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The first major poetry collection from an award-winning student of Robert Pinsky, exploring the inherited trauma within his Japanese American family, his life as an artist, and his bond with his wife
In 65 lyric poems organized into a triptych, Common Grace offers an important new lens into Asian American life, art, and love.
Part 1, “Soul Sauce,” describes the poet’s life as a practicing visual artist, taking us from an early encounter with an inkwell at Roseland Elementary in 1969 to his professional outdoor easel perched on Long Island Sound.
Part 2, ‘Ubasute,” is named after the mythical Japanese practice wherein “a grown son lifts / his aged mother on his back, / delivers her to a mountain, / leaves her to die.” This concept frames a wrenching portrayal of his parents’ decline and death, reaching back to his father’s time in the American internment camps of WWII and his mother’s memories of the firebombing of Tokyo. It also anchors the 2 outer parts in the racial trauma and joys passed down from his parents.
Part 3, “Gutter Trees,” gives us affecting love poems to his wife and the creative lives they’ve built together.
Ranging in scope from private moments to the sweep of familial heritage, Caycedo-Kimura’s poems are artful, subtle, but never quiet.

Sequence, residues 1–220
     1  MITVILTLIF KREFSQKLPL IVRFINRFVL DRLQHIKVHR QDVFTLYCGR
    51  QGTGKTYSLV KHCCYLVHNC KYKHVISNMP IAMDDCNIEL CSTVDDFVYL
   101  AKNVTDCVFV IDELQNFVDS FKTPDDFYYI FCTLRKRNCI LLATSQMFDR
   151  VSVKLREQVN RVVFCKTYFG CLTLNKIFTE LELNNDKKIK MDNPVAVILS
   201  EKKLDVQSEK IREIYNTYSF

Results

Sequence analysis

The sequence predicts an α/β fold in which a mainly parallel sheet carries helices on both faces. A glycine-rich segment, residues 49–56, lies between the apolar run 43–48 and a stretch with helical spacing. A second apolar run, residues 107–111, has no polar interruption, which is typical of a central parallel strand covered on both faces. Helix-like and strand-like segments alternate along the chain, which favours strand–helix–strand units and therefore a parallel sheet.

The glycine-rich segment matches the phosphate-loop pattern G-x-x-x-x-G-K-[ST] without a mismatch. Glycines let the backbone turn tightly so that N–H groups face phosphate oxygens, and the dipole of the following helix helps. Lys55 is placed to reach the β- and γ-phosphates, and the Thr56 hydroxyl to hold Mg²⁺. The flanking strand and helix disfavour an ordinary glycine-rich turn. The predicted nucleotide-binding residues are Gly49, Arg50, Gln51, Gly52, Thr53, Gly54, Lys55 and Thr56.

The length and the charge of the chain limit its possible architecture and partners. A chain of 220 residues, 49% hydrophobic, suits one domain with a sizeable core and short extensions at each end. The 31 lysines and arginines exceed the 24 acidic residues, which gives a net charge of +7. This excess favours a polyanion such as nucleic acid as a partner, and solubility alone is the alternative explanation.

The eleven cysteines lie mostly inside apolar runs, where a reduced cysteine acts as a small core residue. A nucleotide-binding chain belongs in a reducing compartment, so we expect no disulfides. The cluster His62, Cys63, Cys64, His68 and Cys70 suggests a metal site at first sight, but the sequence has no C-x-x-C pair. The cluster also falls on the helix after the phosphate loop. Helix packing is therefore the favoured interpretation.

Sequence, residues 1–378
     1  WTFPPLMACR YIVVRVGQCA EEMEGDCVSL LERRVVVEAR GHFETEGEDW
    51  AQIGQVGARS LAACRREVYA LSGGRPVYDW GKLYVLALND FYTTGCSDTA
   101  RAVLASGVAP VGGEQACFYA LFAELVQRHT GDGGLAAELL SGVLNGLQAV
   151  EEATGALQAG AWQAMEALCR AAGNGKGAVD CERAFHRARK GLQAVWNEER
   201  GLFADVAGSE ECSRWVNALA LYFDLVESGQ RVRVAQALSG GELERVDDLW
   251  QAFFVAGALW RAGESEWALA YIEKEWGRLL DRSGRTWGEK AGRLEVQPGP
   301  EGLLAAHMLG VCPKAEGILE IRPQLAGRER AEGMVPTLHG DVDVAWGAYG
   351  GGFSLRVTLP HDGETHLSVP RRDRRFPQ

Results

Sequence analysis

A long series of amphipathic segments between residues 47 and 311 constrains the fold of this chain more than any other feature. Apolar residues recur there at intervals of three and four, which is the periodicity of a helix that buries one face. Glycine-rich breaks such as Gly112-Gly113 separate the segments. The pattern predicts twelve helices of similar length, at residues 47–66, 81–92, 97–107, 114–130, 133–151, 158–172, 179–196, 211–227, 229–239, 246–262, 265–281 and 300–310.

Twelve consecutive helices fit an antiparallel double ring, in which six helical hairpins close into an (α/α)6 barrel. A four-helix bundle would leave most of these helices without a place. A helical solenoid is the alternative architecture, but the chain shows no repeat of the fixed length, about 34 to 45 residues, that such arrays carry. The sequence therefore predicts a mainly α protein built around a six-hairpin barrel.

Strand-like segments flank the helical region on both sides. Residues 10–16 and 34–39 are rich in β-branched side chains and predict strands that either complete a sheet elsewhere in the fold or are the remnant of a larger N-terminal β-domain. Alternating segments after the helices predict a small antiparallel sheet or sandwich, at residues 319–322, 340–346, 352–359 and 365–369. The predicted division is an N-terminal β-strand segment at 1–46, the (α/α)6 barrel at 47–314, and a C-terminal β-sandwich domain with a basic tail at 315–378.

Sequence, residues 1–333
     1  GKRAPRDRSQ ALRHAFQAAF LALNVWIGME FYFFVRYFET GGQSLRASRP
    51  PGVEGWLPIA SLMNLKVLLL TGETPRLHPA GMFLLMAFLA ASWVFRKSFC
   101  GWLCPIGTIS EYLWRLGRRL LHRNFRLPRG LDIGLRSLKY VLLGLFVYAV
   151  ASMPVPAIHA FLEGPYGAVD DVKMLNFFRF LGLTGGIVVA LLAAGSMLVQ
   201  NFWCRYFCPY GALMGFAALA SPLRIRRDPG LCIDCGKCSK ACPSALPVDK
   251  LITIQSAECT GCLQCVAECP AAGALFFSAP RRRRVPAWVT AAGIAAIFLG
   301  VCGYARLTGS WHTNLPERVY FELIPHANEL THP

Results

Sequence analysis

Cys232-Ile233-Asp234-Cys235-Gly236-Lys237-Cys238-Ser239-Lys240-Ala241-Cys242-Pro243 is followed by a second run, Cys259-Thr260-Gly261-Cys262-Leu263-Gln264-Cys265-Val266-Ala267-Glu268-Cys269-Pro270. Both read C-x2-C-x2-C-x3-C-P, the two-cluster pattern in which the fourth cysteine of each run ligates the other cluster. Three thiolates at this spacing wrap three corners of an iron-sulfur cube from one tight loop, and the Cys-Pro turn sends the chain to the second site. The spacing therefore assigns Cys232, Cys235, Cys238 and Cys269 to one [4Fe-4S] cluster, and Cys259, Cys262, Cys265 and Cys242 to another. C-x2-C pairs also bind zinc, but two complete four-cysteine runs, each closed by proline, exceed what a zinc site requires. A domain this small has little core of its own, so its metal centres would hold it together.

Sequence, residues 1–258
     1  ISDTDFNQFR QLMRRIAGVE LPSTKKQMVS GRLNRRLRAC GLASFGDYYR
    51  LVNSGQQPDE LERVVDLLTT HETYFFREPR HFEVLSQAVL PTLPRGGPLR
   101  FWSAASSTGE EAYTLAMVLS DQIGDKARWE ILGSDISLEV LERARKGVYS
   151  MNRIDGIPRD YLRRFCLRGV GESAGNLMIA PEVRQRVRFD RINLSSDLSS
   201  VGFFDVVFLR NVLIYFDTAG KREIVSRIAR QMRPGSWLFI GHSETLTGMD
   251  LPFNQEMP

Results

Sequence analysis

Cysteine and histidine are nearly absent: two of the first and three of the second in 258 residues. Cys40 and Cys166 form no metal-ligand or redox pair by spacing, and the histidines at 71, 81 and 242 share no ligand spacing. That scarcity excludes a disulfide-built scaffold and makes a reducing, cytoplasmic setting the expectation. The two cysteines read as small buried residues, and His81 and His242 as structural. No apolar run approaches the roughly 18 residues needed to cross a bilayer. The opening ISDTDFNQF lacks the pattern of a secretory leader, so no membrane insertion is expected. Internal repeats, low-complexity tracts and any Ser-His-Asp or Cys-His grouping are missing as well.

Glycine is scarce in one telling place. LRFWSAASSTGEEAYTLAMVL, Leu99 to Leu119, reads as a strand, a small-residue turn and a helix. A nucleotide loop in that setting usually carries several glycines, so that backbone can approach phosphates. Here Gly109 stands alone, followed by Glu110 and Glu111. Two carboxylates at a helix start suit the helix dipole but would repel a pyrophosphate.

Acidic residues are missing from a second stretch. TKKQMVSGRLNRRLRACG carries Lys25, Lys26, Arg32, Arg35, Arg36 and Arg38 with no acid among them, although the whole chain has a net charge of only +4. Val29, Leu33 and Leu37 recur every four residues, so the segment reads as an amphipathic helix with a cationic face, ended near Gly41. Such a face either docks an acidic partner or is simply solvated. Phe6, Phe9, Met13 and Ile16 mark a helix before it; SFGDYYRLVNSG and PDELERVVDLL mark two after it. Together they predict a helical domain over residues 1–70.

About the Author
Aaron Caycedo-Kimura is a writer and visual artist. His chapbook, Ubasute, was selected by Jennifer Franklin, Peggy Ellsberg, and Margo Taft Stever as the 2020 Slapering Hol Press Chapbook Competition winner. His honors include a Robert Pinsky Global Fellowship in Poetry, a St. Botolph Club Foundation Emerging Artist Award in Literature, and nominations for the Pushcart Prize, Best of the Net, and Best New Poets anthologies. His poetry has appeared or is forthcoming in the Beloit Poetry Journal, Poetry Daily, RHINO, upstreet, Verse Daily, DMQ Review, Poet Lore, The Night Heron Barks, and elsewhere. Caycedo-Kimura earned his MFA in creative writing from Boston University and is also the author and illustrator of Text, Don’t Call: An Illustrated Guide to the Introverted Life (TarcherPerigee, 2017).
“Wry, tender, musical and unsentimental. . . . In these poems, the visible world radiates meaning, memory becomes palpable, and loss is acknowledged.” —Robert Pinsky, 3-time United States Poet Laureate
“Common Grace is an uncommon book, elegant, at times tough-minded, also moving.” —Ha Jin, National Book Award–winning author of Waiting
“Pays fluent loving attention to life and art—and their rewards glow!” —Gail Mazur, author of Land’s End: New and Selected Poems
“Here is a poet of clear-eyed originality, big-hearted and wise—and a book to read again and again.” —Matthew Thorburn, author of The Grace of Distance
“Announces Caycedo-Kimura as an important new voice.” —Jennifer Franklin, author of No Small Gift